Friday, May 25, 2007

global cooling is for real

    Global warming can cause

    global cooling

    Jeff Poling

    Scientists announced in the July 21, 1999, edition of the journal Nature findings that suggest that global warming can sometimes lead to cold weather or even a worldwide freeze.

    Scientists have long known that a severe cold spell occurred after the end of the Pleistocene glaciation, approximately 8,200 years ago. The cause, however, has been a mystery. The authors of the Nature article write that the centuries long cold spell might have been caused by meltwater from the disappearing glaciers, cooling the North Atlantic.

    The Laurentide Ice Sheet covered parts of North America with ice up to two miles thick for more than a million years. When the Earth began to warm 10,000 years ago, it retreated back toward the poles. The ice sheet left in its wake at least two lakes containing more water than the Great Lakes combined.

    In the Hudson Bay, ice held the water in place like a plug in a bathtub. When the plug finally melted, trillions of gallons gushed into the Labrador Sea, flowing out at 100 times the rate water leaves the Mississippi.

    The conclusions of the authors are the result of a study by University of Colorado and Canadian researchers who examined evidence of this huge flood in the Hudson Bay region of Quebec and Ontario.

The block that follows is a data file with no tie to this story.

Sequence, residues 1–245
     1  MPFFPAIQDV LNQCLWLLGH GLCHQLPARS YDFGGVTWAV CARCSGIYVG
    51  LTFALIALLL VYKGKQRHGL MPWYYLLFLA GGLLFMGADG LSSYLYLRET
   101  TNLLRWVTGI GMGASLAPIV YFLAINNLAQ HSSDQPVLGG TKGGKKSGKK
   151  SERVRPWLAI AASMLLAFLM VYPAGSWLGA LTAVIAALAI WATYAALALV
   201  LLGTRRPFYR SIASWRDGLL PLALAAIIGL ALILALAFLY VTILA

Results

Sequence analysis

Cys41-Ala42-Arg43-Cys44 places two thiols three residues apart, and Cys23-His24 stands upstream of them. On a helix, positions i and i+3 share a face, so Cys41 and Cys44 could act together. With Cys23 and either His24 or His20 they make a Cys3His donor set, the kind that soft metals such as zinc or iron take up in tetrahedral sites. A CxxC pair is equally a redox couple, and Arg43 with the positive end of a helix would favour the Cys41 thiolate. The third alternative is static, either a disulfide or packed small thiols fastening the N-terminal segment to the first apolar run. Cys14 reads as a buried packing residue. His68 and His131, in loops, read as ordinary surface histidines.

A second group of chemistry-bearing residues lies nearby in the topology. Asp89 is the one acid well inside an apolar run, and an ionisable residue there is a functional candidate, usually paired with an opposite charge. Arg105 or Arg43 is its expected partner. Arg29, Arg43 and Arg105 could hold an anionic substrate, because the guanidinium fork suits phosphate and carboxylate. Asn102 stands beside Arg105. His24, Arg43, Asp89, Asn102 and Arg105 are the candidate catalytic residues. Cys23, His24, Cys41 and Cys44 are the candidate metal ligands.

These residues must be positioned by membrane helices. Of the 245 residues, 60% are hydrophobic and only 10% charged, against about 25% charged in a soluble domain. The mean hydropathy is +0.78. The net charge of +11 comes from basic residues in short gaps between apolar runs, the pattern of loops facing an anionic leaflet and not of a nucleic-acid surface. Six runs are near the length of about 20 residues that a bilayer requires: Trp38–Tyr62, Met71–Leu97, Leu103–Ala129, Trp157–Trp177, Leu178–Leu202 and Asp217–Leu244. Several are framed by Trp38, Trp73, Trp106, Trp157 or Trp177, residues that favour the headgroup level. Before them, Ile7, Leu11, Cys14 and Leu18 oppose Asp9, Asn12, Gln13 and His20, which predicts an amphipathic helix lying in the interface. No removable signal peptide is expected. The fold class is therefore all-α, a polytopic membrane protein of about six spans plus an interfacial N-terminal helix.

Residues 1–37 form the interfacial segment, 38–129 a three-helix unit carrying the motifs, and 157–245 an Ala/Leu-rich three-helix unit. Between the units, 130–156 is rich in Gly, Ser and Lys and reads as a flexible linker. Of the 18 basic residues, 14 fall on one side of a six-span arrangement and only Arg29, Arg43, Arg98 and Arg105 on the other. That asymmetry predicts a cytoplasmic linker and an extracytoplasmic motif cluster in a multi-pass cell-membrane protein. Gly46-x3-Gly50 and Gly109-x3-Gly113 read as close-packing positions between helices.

Independent research showed that global temperatures dropped significantly within several hundred years of the flood. Until this study, nobody could pinpoint if these two events were connected, said the study's lead author, University of Colorado geologist Don Barber. The scientists used radiocarbon dating of clams in the flood sediment, and other evidence, to correlate the two events.

    The Atlantic Gulf Stream normally acts like a conveyor belt to deliver warm tropical water to temperate regions. By adding so much cold fresh water in such a short time, the flood shut down the Gulf Stream, said Richard Alley, a climate expert at Penn State University.

    Temperatures in Greenland and Europe dropped by 6 to 15 degrees for at least 200 years, according to ice core data.

    The authors conclusions demonstrate how global warming can, paradoxically, provoke a global freeze. If a modern glacier such as the Greenland Ice Sheet melts as a result of rising temperatures in the next century, it could trigger a similar flood and climate fluctuation, the researchers said.

    Copyright © 1999 by Jeff Poling. Quotes are from media sources.
    Revised: August 2, 1999; New: July 19, 1999

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